DMX Made Flesh Of My Flesh, Blood Of My Blood Because Of A $1 Million Wager
In the span of seven months, DMX released two albums which combined went platinum seven times. It was 1998, and the Yonkers, New York rapper was taking the industry by storm, establishing himself as a domineering presence with uncompromising virility. First with May’s It’s Dark and Hell Is Hot and then December’s Flesh of My Flesh, Blood of My Blood, the Def Jam recording artist was putting Ruff Ryders on the map with his vulnerable, unforgiving take on lyricism, and he achieved albums that reached platinum-selling levels for the next five years.
Of all his albums, however, Flesh of My Flesh, Blood of My Blood was particularly ambitious. Despite DMX’s tremendous, quadruple-platinum selling debut, releasing a follow-up in such swift succession could have proven to be fatal to his then-burgeoning career. But as history has proven, DMX was a singular talent whose arrival on the scene had come just in time, and his sophomore LP went triple-platinum, making him only the second rapper to drop two number-one albums in the same year.
The FADER has published an oral history of the making of Flesh of My Flesh, Blood of My Blood, including the voices of not only DMX but also producers Swizz Beats and Dame Grease as well as Def Jam label executives Lyor Cohen, Kevin Liles, Ruff Ryders co-founder Darrin “Dee” Dean, label mate (and fellow Yonkers native) Styles P, and others. In it, the parties involved discuss the decisions behind opting for such an aggressive approach to DMX’s early career, and in so doing reveal that it all revolved around a hefty bet. As DMX recounts, Island Def Jam Music Group’s co-president from 1998-2004, Lyor Cohen, “said if I could do another album in 30 days, I’d get a million-dollar bonus. That was the whole drive.”
It was a bold pronouncement of DMX’s value as an artist, but one based on tangible evidence that a second album so soon would be successful. As former CEO and president of Def Jam Kevin Liles shares, “The consumers were starving. X fed that hunger — that hunger for realness, that hunger for the street. And what better way to serve it up than to give two full entrees in the same year?” The risk paid off, and then some. “I made $144 million for [Def Jam] that first year,” says DMX. “I felt vindicated. I knew I was fucking dope. Not in an arrogant way, but in a way that was like, ‘Yes, I dare to believe in myself.’ And I turned out to be right.” Not only was he correct in his assessment of a hungry fanbase, but he rightfully argues that Flesh quite literally changed the game. “Dropping two albums in one year, it sped up the pace of how music is put out. It set a new standard,” he shares. Liles agrees, echoing the sentiment that DMX was doing more than making successful records. “The albums were actual chapters in the same book; they were moments in his life. ’98 was a defining moment for X. He moved culture.”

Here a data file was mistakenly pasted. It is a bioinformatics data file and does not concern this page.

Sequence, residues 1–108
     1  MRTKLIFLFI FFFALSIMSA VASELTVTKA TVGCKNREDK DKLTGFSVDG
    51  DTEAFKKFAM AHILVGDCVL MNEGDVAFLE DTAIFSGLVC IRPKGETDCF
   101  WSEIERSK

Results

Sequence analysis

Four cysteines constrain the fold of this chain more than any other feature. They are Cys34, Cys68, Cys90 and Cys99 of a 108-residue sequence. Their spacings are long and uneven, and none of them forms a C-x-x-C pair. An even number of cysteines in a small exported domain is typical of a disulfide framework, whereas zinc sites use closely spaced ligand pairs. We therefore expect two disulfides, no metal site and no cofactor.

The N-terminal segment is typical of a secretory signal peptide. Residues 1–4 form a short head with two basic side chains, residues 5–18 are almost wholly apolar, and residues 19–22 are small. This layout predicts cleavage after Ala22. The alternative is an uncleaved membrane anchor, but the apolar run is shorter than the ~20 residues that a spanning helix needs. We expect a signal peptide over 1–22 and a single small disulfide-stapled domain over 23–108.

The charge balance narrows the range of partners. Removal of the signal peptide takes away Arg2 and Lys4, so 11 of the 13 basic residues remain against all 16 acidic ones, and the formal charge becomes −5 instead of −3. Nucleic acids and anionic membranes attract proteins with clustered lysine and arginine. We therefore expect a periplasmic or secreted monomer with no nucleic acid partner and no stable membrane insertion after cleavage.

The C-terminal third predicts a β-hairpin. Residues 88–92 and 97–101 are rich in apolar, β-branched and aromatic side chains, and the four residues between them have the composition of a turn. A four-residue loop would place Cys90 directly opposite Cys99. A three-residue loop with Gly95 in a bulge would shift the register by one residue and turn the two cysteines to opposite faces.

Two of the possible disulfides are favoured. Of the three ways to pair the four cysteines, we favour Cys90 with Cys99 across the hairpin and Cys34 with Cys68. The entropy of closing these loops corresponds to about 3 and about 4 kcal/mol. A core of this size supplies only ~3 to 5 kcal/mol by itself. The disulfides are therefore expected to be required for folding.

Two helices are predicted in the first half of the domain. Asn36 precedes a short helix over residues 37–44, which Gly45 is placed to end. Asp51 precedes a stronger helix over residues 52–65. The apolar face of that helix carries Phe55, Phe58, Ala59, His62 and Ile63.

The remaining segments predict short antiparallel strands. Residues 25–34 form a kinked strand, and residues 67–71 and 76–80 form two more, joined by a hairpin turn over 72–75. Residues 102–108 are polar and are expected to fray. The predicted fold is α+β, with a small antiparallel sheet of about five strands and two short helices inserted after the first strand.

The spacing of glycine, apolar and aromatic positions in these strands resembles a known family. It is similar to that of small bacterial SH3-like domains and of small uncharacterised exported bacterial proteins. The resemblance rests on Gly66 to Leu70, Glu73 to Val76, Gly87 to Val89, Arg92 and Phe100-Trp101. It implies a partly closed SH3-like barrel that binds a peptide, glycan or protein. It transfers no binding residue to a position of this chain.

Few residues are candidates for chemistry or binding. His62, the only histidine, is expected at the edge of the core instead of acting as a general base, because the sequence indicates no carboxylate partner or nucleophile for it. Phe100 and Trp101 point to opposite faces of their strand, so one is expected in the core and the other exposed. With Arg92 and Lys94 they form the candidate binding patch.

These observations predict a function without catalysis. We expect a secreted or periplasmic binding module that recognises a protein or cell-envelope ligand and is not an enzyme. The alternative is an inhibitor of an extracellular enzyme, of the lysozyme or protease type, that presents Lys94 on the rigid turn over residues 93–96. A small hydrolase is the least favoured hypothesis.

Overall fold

Also shared are some insights into the actual recording of the album, which Ruff Ryders co-founder Darrin “Dee” Dean explains was in part a revisit to DMX’s debut. “For the second album, we just redid most of the songs we had left over from the first one, mixed it, mastered it, and got it done,” he says before commenting on the relatability factor DMX so beautifully embodied, which helped drive the historic success of Flesh. “There was a million people out here that was going through what he’s going through. He could relate to them and they could relate to him.”
Unsurprisingly, such a tight schedule meant long hours in the studio, and Liles states that “X would do four to five songs a day because he was just writing about what was going on around him.” He adds “with X, we never chased radio. We chased to make sure we knew where he was. What were we chasing when he said, ‘I’m slipping, I’m falling, I can’t get up?’ That’s just where he was in his life.” And, speaking of, Joaquin “Waah” Dean (co-founder of Ruff Ryders Entertainment) discusses one of the LP’s standout tracks and lead single, “Slippin’,” which he says DMX was writing “for a while — six months, a year. He wanted this song to be impacting people’s lives.”
Swizz Beatz, whose appearance as producer on the majority of the album would signal the future success he would find in his career, also shares some memories about the album’s recording process. “On ‘My Niggas,’ X was just vibing,” he says before adding “we were about anthems. When you look at most anthems, they’re very repetitive, they keep coming back around. ‘My niggas’ was just the anchor, and it was like filling in the blanks. Everybody kept saying it over and over in the studio, and it was easy for him to record. That’s the thing — the reason why I got so many tracks on X’s album was because I had a formula that was different. I would come up with the choruses, I would come up with the concepts, and then the artist just had to fill in the blanks.”
“All I was doing was scoring the movie, he wrote the script. I took it like that — I’m scoring the film, and it’s a scary film. With ‘The Omen,’ says Swizz, “it was X playing his roles and his theatrical style, him and Marilyn Manson. We was going way far on that song. I was producing Marilyn Manson at that time. We were just having fun with it and thinking big at that time. Elsewhere in the oral history he shares insight into “It’s All Good,” as well as his thoughts on the iconic cover art, shot by heralded photographer Jonathan Mannion.
Read “Bring Your Whole Crew: The remarkable true story of how DMX’s Flesh of My Flesh, Blood of My Blood was made” at the FADER.